Duleesha Kulasooriya: Santiago de Chile has also done really well in some of those aspects.

Loren Moss: You spoke about how a lot of companies or too many people traditionally depend on the resume or old traditional qualifications and I think that that is fascinating, especially in Colombia, if you spend time here you will see it is a very traditional country.

Duleesha Kulasooriya:I spoke at Deloitte Colombia yesterday and I was the only male not wearing a tie. And I was definitely the only person with a mohawk! Well I am the only partner at Deloitte with a Mohawk.

Loren Moss: Especially in Bogota. It would be very hard for a nonconformist to come up through the ranks in a place like Colombia, many times you will go to some talk and you will see introductions and the speaker will spend five minutes reading about what university the speaker went to 30 years ago and what they did and all this…

Duleesha Kulasooriya: It´s a qualification for you up there…

Duleesha Kulasooriya is executive director of Deloitte's Center for the Edge.
Duleesha Kulasooriya is executive director of Deloitte’s Center for the Edge.

Loren Moss: While back in the states on the other hand, you might see somebody who is a great programmer for example: “Well how did you learn Python?” “Oh, I taught myself”…We´ve got a friend visiting right now in Medellin, I had to leave him to come here, but he has been a CTO, he lives in California, and he has been a CTO for several companies that have been clients of ours, and his whole career has been in IT and software, but his degree is in music, and it would be extremely difficult for somebody to do that here in Colombia. I think that as they can shake that they can accelerate, and you see that need for…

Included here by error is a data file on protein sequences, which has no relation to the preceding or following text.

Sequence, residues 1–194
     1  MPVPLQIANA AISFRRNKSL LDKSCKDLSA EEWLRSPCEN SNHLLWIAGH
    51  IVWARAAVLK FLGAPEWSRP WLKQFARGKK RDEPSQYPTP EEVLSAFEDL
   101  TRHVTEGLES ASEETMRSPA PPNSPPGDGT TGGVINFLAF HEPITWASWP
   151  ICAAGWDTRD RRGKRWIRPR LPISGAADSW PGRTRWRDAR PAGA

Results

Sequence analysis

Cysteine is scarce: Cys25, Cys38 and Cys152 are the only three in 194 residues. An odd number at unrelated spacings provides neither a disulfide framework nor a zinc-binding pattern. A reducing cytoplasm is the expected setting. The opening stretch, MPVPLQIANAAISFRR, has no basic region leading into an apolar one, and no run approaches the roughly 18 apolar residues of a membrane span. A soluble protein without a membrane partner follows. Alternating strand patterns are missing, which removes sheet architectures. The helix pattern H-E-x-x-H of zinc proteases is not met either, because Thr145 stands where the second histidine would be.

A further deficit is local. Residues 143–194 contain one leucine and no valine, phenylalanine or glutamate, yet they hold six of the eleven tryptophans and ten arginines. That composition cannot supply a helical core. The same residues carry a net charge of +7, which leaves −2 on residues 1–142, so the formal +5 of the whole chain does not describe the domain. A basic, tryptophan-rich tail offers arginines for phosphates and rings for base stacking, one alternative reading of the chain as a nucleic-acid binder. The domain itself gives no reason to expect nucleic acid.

Duleesha Kulasooriya: Absolutely. So, in all of these places, either we break the culture or not, so, that is no different from what I am talking about in an organization and having to do something different, and having the conviction and the courage to do something different. Once you find one or two examples, if you shine the spotlight on them, then more people feel you have permission to try something as well. The reason I have this mohawk (haircut) is kind of for that reason, there´s a festival called Burning Man, actually in the next building they have a whole lot of….

Loren Moss: A lot of people here know about Burning Man, I´ve got a friend from Cartagena who goes to Burning Man every year.

Duleesha Kulasooriya: Yes, I go to Burning Man every year, and I shaved a mohawk for the festival because that is what I wanted to do, I could be myself and be that for that week. So, I come back, shave it back, go bald, it’s hair, right? Not a big deal. One year, I kept a little longer than that, and this lady walked up to me and said thank you, and I said for what, and she said, well, I don’t know if you noticed, I am wearing a snow string. I don’t, it´s a tiny little thing, and she said, well I take it off during the week and only wear it on the weekend, because I didn’t think it was appropriate then I saw you walking around with a mohawk and it made feel okay to bring my whole self out to work.

So, what I realized was that inadvertently I had created a space of permission, where others can be themselves. so, I kind of took that to the next level, so, even, I have an office, but I don’t sit in the office, I sit in the bullpen with all of the younger colleagues so that I can also learn from them and then can learn from us, and I am also in their day to day so that we can interact more, and we can have a normal conversation, so we can actually talk about it, and there is not like a hierarchy. I go to work in a hoodie, I go to work in jeans and a hoodie, because we always had this thing of “dress to the level of a client.” Well, what do you think people at Facebook and Google and all the startups wear? They are not wearing suits and ties, it´s a different world, right? You realize that stuff is very superficial, it´s not what matters.

So, what you need in Colombia, and it will happen over time, are more examples of people who are doing things differently, you will need that startup, Rappi or something else, that suddenly begins: Oh! So, I don’t have to go join a large corporation, I can do this and be successful too. You need someone who is kind of flamboyant in some way to show a case and be successful. You need alternate models to succeed in order for others to have permission to do so as well.